The fibers in your straw hat are vulnerable to extreme temperatures, so make sure not to leave it hot places like your car in the summertime. Extreme heat will crack and dry out the fibers, and the hat will end up looking frayed.
Store your hat in a place where it's cool and won't get dirty. Putting it on the top shelf of a dark, dry closet or hanging it on a hook are both good ideas.
Do not store your hat in a humid place. As straw is a natural product, a damp environment can cause rot or mold to appear. Never put your hat in a plastic bag, either, as this could lead to discoloration and mildew.
If your hat's brim is curved, we recommend storing it in a hat box to keep dust and bugs off and prevent it from becoming misshapen. You can also stuff the inside top with tissue paper to help it keep its shape, or put it on a mannequin head and cover it with a white, cotton pillowcase.
When you're finished wearing your straw hat, you can wipe it down using a clean, damp cloth. Doing this will remove the dust that has accumulated throughout the day and keep it from embedding itself too deeply in the hat. Whether your hat is made of natural straw or a synthetic material, the cloth you use should always be plain white so that no dyes are transferred to the hat.
Alternatively, you can clean your hat using a soft-bristled brush. This should remove dirt and debris, including pollen and dust. Brushing your hat regularly should prevent dirt build-up, staining and discoloration.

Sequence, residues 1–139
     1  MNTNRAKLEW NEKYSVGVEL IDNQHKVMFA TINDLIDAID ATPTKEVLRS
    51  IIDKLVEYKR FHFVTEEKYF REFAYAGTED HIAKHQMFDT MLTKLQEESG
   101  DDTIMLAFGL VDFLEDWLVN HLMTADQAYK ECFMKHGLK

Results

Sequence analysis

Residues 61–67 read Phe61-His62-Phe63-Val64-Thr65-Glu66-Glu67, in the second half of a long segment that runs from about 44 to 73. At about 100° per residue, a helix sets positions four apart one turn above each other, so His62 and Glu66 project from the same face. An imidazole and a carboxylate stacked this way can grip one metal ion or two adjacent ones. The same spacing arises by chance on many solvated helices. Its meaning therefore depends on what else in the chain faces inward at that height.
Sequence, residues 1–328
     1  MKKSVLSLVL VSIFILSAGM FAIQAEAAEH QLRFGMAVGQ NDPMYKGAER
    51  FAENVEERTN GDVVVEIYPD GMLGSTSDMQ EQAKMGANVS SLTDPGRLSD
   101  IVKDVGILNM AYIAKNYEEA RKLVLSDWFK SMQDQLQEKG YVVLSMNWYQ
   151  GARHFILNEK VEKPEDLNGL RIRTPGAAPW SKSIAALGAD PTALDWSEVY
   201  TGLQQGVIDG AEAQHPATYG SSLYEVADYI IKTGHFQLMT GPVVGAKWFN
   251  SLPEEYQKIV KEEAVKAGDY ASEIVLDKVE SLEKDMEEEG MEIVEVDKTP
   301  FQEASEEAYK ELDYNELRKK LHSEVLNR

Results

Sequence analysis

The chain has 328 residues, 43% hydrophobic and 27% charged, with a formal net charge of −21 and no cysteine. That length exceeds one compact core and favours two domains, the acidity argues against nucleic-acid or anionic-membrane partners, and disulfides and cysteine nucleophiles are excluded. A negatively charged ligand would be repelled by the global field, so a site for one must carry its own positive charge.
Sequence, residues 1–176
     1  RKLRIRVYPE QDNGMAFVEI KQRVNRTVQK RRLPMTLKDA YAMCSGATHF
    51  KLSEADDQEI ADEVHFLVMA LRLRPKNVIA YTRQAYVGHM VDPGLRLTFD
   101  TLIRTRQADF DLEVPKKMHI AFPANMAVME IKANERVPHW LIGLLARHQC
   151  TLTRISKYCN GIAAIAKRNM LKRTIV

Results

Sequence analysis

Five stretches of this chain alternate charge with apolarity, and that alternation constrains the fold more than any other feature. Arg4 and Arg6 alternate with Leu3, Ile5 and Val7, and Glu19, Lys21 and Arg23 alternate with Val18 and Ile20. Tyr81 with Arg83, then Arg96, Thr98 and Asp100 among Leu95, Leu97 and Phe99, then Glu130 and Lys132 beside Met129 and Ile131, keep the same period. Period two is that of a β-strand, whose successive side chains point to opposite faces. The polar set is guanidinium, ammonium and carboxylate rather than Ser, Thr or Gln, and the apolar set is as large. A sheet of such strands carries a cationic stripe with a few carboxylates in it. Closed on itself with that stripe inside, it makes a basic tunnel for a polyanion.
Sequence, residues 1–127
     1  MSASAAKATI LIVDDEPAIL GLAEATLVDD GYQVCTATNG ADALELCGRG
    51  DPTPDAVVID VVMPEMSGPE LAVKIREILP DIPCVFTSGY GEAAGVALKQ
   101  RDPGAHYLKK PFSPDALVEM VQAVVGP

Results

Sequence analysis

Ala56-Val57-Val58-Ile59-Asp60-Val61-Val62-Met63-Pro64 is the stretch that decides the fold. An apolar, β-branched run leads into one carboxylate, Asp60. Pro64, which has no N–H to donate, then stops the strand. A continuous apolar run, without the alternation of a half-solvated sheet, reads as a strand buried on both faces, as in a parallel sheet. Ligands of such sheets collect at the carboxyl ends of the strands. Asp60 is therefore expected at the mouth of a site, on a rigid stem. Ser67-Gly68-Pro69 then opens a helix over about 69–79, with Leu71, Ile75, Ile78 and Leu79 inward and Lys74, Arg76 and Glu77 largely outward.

If your hat is exceptionally dusty, you may have to advance to a more extreme cleaning method — placing pantyhose or netting over a vacuum brush, then vacuuming the hat. Only use this as a last resort.
Straw hats spend a lot of time resting on a sweaty head while being exposed to a variety of elements, so it's no surprise they suffer some wear and damage every now and then. If you notice that your hat has stains, becomes brittle, gets wet or dirty, don't throw it out. Instead, follow the cleaning tips below to return them to their original condition.
Before you start cleaning, see if your hat is washable. Look for a label, which may be under the brim. When you find it, see if the hat is made from shantung, baku, or any other material that you can wash using water. Some hats contain a type of straw that cannot be washed by hand, although these hats are uncommon.
Also, make sure to remove any ribbons or trim. These can be cleaned separately by hand washing or dusting, and you can also refresh them by ironing them or exposing them to steam. If a glue residue is left on the hat after you remove the trimmings, remember that it will not be seen once the trim is replaced.
Panama hats are meant to be worn in hot, sunny weather, so there's a good chance you're perspiring profusely while wearing one.
You sweat, unfortunately, can lead to stains. If you sweat easily and are headed to an extremely hot place like Las Vegas or Phoenix, we recommend that you use panty liner inside your hat. If you cut up the absorbent materials into strips and place them underneath the liner of the hat, this will absorb your sweat like magic. Of course, if you feel uncomfortable shopping for panty liners, paper towels will do just as good of a job.